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Leonard Lechner (Composer)

Born: 1553 - Etschthal, Austrian Tyrol
Died: September 9, 1606 - Würtemberg, Germany

Leonard [Leonhard] Lechner was an Austrian composer of the school of Orlando di Lasso.

Life

From Leonard Lechner's birthplace comes the designation Atheainus, which he usually appended to his name. He was brought up as a chorister in the Bavarian court chapel at Munich under Orlando di Lasso, of whose works he always remained an ardent admirer. In 1570 he held some post as schoolmaster in Nuremberg, and while still there began to be known as a diligent composer of motets and German songs in the madrigal or villanella. style, also as editor of various collections of music. Thus in 1579 he introduced some degree of order into the chaos of the frequent republications of earlier works of di Lasso, by bringing out, evidently in concert with the composer himself, a revised and enlarged edition of his two books of motets of 1568, one a 4 and 5, the other a 6-10, incorporating more of di Lasso's earlier work of the same kind. In 1581 he brought out a book of five previously unpublished masses by di Lasso; and in 1583 a collection entitled Harmoniae miscellae, containing motets a 5 and 6, mostly by composers connected at one time or another with the Bavarian chapel. Dehn in his Sammlung aelterer Musik, published a selection from this latter work, including a good motet by Lechner himself, Ne intres in judicium.

In 1584 (or 1583), probably on the recommendation of Orlando di Lasso, Leonard Lechner was appointed Kapellmeister at Hechingen to Count Eitel Friedrich of Hohenzollern, but suddenly gave up his post in 1585, without any ostensible reason. Religion may have been the determining motive, as we know that he was succeeded at Hechingen by Ferdinand Lassus, the son of Orlando di Lasso; and it was also in 1585 that Orlando dedicated to Count Eitel Friedrlch a book of motets, and meanwhile Lechner, after an unsuccessful application for the post of Kapellmeister at Dresden to the then Lutheran court of Saxony, in 1587 became Kapellmeister at Stuttgart to the court of Würtemberg, where he remained till his death. It would almost appear as if he continued to cherish a hankering after the Saxon court, and endeavoured to keep up some relation with ii, since his last work was the composition of a wedding-motet (Laudate Dominum, forr fifteen voices) for the marriage of the Elector Johann Georg I of Saxony.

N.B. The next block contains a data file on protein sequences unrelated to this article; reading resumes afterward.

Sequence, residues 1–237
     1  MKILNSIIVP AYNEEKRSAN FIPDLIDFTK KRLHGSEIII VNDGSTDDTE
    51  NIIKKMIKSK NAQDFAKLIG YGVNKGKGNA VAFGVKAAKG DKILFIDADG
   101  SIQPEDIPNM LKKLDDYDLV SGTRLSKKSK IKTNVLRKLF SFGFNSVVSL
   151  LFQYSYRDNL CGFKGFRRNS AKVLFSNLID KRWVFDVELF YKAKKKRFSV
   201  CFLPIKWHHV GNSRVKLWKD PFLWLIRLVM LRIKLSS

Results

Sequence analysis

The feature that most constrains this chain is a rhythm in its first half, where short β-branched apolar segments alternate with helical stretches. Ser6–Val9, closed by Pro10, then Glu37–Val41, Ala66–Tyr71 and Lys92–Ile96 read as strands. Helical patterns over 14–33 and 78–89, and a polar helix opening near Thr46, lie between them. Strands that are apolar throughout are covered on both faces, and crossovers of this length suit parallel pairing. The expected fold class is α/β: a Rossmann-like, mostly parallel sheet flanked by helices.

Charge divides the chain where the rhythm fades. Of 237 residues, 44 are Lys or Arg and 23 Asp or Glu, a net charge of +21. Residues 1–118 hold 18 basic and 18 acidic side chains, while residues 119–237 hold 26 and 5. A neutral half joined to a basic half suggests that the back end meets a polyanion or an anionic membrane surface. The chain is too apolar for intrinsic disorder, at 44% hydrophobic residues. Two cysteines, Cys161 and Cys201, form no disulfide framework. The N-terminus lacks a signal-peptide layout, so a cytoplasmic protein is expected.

Works

A product of The Orlando di Lasso school, Leonard Lechner developed a new kind of German song motet and was the first to set a complete cycle of German poems. The majority of his work is vocal and was widely known in his day. Besides his editorial work already referred to, Lechner's own works may be summarised as follows:

1. Two books of Mottetas or Sacrae cantiones a 4-6, containing 86 numberss (1575, 1581).
2. Liber Missarum 6 et 5 voc. (1584), containing 3 masses ans 10 introits..
3. Magnificat sec. Octo tonos (1578), 8 numbers.
4. Septem Psalmi Poenitentiales, etc., 6 v. (1587).
5. Various collections of Teutsche Lieder, geistliche und westliche a 3, 4 and 5 (1585-1589).

F. Commer, in his volume of Geistliche und weltliche Lieder, republished four good specimens of Lechner's work: two geistliche Lieder, Christ ist erstanden, a 4, and Herr Jesu Christ dir lebe ich, a 5; two weltliche, Wol komt der Mey, a 4, and Will uns das Meidlein nimmer han, a 5. Also in the Publikation der Geaellschaft für Musikforschung, Bd. xix. (1895), Eitner has republished Lechner's lieder (1579), containing his rearrangement, a 5, of 21 Lieder a 3, from Regnart's Tricinia, and three Italian madrigals of Lechner's own. See also D.D.T. (2nd series), vol. v. 1.

 

Source: Grove’s Dictionary of Music and Musicians (1952 Edition; Author: J.R. Milne); All Music Guide Website (Author: Lynn Vought)
Contributed by
Aryeh Oron (February 2006)

Use of Chorale Melodies in his works

Title

Chorale Melody

Year

Christ ist erstanden, 4-pt. setting

Christ ist erstanden

1577

Links to other Sites

Leonard Lechner - Biography (AMG)

 

Bibliography

 

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Last update: ýMay 11, 2006 ý09:56:26